Published December 30. 2009 4:00AM
It began with the Mohegan Tribe announcing a sweeping cost-containment program and ended with the Mashantucket Pequot Tribe in default, all but buried under a debt load that outstripped its means. For the region's gaming tribes, 2009 was about belt-tightening, declining revenues and, in the Mashantuckets' case at least, internal upheaval.
Month after month, Mohegan Sun and Foxwoods Resort Casino reported disappointing slot revenues, with Foxwoods registering the year's only year-over-year gains, albeit slight ones, in February and March. In the fiscal year that ended June 30, the state's share of the casinos' slot revenues totaled $377.8 million, more than 8 percent less than in fiscal 2008.
After cutting salaries and curtailing benefits for employees across the board, Mohegan Sun proceeded with a $44.9 million renovation of its Winter Entrance and an adjacent parking garage and refinanced nearly $200 million worth of debt.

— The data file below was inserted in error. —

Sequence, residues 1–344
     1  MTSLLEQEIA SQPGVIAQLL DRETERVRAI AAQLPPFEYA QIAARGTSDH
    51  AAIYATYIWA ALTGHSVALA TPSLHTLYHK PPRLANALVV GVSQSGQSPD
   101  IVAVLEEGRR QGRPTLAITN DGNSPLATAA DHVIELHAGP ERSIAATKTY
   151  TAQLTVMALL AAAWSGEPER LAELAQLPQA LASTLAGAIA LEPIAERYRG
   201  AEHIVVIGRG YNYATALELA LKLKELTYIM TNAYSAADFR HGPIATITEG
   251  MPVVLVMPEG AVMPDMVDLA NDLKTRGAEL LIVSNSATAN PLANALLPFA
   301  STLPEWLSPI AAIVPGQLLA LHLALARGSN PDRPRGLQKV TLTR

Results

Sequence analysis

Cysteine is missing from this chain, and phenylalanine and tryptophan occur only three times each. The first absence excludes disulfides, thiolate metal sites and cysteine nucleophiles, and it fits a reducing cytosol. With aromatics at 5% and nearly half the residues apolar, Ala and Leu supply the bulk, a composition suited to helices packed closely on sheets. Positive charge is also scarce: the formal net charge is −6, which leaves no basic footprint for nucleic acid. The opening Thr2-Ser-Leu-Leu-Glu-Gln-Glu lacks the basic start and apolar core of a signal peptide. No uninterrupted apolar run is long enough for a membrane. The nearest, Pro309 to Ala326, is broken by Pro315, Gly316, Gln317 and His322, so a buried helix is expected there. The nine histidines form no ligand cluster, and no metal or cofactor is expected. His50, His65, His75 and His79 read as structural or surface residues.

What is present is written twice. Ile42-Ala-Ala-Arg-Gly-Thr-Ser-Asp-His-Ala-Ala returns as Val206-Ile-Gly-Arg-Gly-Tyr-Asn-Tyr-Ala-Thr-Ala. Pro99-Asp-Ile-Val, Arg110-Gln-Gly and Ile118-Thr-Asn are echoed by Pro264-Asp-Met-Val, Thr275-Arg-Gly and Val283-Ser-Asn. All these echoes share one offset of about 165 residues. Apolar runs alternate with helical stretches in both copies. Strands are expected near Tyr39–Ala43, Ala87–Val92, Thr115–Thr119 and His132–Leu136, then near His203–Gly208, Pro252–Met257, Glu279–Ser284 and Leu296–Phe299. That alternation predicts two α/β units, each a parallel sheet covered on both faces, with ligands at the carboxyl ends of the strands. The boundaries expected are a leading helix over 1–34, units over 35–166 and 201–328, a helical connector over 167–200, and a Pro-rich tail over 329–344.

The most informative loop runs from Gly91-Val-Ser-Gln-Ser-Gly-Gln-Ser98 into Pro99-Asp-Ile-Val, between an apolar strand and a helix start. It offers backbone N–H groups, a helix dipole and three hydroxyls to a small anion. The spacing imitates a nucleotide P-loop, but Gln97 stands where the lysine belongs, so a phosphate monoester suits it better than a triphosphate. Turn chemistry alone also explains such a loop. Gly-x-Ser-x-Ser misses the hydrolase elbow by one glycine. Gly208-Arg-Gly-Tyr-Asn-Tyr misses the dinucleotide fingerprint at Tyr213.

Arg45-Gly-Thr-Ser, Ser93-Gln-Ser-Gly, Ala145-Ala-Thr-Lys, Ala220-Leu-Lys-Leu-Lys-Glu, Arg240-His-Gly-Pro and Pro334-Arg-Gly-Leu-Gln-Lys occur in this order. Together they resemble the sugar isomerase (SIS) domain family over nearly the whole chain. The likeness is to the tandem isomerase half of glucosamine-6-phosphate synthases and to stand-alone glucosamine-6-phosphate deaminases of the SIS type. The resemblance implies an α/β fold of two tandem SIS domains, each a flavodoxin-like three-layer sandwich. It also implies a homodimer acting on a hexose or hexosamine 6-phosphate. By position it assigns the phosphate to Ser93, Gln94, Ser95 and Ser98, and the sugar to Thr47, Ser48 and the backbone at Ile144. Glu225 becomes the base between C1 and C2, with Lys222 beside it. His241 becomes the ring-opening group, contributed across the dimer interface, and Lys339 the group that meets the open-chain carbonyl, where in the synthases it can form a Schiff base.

Soon after the Mashantuckets completed a $67 million Route 2 bypass project to facilitate casino traffic, it was revealed that they would seek to restructure more than $2 billion in debt. Tribal Chairman Michael Thomas' controversial promise to protect tribal government and payments to tribal members amid the restructuring led to his ouster.
- Brian Hallenbeck